Douwe Osinga's Blog: February 2005

Thursday, February 24, 2005

Working in a coal mine

Even though cheese and chocolate fondue gathered some fame outside of the borders of Switzerland, the local food and especially the food from the German speaking part can sometimes be as subtle as a good kick in the head. There are lots of other places of course, but anything with Bierhalle or Bierkeller in the name seems to cater for people working in mines.

Johanniter is one of those places. It serves food until 4 am and has reasonable priced beer, but it pretty much looks like a Bierkeller and if you don't notice that right away, then the stuffed animals hanging from the wall should be a dead give away (Pun sort of intended). We sometimes go there with Google for lunch, mostly because it is close by.

Friendliness is not their strongest point. Last time went there, most of us ordered something solid. Roesti with fried cheese and sausages in wintry if slightly fatty sauce. It was pretty good, but none of us finished it. The waitress did not approve. Why did you not finish your meal? she said. Did you not like it? Well, we replied, we liked it, but it was just too much. If it was too much, she said, then you don't work hard enough.

I guess if you compare it to working in a coal mine, she has a point.

Tuesday, February 15, 2005


So I gave up waiting for the Benq P50 or the Motorala Mpx. They are great phones, but they have one drawback: you can't buy them in the real world. When T-Mobile announced their MDA IV with even better specs, I knew what I had to do. Not keep waiting for the cellphone of tomorrow with ever better specs but that is never available, but settle for something great that exists. I bought a T-Mobile MDA Compact.

T-Mobile is just the label. It didn't come with a network (Switzerland must be one of the last countries not having their own T-Mobile). The MDA Compact is actually produced by HTC and goes with the codename Magician and is variably known around the world as i-mate Jam, QTek s100, XDA Mini and MDA Compact.

I have the phone for less than a week and I love it. It runs Windows Mobile Second Edition (which makes a lot of people around me go 'oh, evil'). It reinforces my believe that MS might just win this battle. It is not the software it comes with (though it ships with a reasonable complete set), it is the ease for third parties to develop stuff for Windows Mobile that will do it.

One thing I expect from a phone nowadays is to be able to play Seinfeld. Well, for some reason the mobile version of Windows Mediaplayer (which otherwise runs circles around anything I've seen on a Nokia phone. No wonder they're considering licensing this). But there is Betaplayer, which installed in a snap and played the Seinfeld I had on my disk without any conversion. Full screen, full frame rate, great sound.

Internet Explorer isn't too great, but Opera has a great replacement. Playing MP3s from an SD card always has the drawback that even at 1GByte, you can't put enough music on it. The iPod shuffle solves this nicely. Luckily enough there is PlayList Sync which will copy random music to your phone so you'll always have something fresh.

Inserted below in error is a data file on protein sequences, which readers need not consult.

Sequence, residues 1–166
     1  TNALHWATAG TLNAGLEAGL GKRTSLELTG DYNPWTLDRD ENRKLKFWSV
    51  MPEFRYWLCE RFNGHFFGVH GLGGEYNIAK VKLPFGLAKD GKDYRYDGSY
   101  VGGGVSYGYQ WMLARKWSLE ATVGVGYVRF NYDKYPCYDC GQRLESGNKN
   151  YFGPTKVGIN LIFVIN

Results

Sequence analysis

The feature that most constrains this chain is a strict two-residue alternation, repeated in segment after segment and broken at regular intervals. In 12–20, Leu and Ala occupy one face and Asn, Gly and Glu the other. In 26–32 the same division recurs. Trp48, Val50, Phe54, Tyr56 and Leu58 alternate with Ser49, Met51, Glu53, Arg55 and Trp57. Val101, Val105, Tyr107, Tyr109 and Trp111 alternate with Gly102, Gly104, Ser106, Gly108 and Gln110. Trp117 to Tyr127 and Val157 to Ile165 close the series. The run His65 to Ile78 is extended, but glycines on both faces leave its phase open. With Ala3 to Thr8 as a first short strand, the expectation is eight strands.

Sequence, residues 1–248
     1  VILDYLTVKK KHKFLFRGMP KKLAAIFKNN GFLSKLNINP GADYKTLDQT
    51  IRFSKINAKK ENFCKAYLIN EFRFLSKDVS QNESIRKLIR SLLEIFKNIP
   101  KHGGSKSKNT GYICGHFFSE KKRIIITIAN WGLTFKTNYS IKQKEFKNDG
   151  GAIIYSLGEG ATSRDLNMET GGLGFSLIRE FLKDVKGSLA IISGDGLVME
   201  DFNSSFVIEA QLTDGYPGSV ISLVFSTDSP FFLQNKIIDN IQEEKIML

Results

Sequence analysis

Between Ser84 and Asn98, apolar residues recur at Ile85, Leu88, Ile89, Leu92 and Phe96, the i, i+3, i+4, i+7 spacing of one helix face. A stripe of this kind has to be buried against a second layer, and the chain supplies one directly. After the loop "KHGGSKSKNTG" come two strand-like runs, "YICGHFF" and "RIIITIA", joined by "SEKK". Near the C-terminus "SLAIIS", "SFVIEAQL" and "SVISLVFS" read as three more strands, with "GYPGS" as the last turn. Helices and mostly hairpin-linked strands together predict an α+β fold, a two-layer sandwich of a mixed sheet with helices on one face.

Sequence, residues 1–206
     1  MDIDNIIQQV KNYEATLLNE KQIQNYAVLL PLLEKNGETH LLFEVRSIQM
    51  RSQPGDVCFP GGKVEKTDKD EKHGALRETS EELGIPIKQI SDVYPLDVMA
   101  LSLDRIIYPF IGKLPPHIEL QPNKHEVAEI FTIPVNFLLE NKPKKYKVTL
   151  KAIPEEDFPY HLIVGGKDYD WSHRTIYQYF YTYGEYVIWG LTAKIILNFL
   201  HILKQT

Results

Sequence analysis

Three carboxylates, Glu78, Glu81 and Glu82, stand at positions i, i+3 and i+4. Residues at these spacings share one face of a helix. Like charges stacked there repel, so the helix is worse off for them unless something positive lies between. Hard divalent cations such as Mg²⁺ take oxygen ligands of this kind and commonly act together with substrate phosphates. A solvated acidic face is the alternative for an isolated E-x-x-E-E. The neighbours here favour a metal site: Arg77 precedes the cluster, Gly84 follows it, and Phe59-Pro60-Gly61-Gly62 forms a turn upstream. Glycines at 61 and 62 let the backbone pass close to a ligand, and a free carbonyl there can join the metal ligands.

There is a port of putty and python and so on. Oh, it is also a great phone, though dialing without a keypad and on the touch screen isn't ideal. I also like it that it syncs and charges over USB. No stupid external adaptors (well, there's also an adaptor, but that's, well, stupid). The screen is very bright and crisp. Also, the phone is relatively small.

Syncing is kinda slow, I suspect it's only USB 1.1 and the battery life can't be that good considering all the features, but for now I'm happy

Saturday, February 5, 2005

Should you switch?

A couple of weeks ago, two friends of mine came over to visit from the Netherlands. It was great of course, but one of the things we ended up talking about mainly were a couple of riddles. I thought about it some more and now I have five variants. Some might seem familiar, some trivial, but I think the combination is very interesting.

  1. You have hundred dollars. I offer to throw a coin. If heads comes up, I half your money, if tails comes up, I double your money. Should you do this?

  2. There are two envelopes on the table. One contains twice as much money as the other. You take one. One hundred dollars. I offer you to switch envelopes. Should you?

  3. A quiz master has hidden a price behind one of three doors. You are a winning candidate. You'll have to guess which door has the price by lining up before it. You make your choice. The quiz master says, I'll help you a little, this door, and he points at one, does not have a price behind it. He then opens it to prove his point. You are now allowed to switch to the third door. Should you?

  4. A quiz master has hidden a price behind one of three doors. You are one of three winning candidates. You each choose a door. The quiz master says, we can't all win. Unfortunately you and he points at one of your competitors, didn't win. He opens the door of that person and there is nothing behind it. So your competitor leaves. Now the quiz master offers you to switch door with the other survivor. Should you?

Well, think about these for a little. Then continue reading this sentence. And a little more if you really thought about it. You're sure you thought about it and are not just continuing to read to get the answers? Ok, here is the answer. You should take the bet/switch in puzzle 1 and 3, but it doesn't matter in 2 or 4. I'm sure you can come up with some kind of explanation, but what is exactly the difference between them?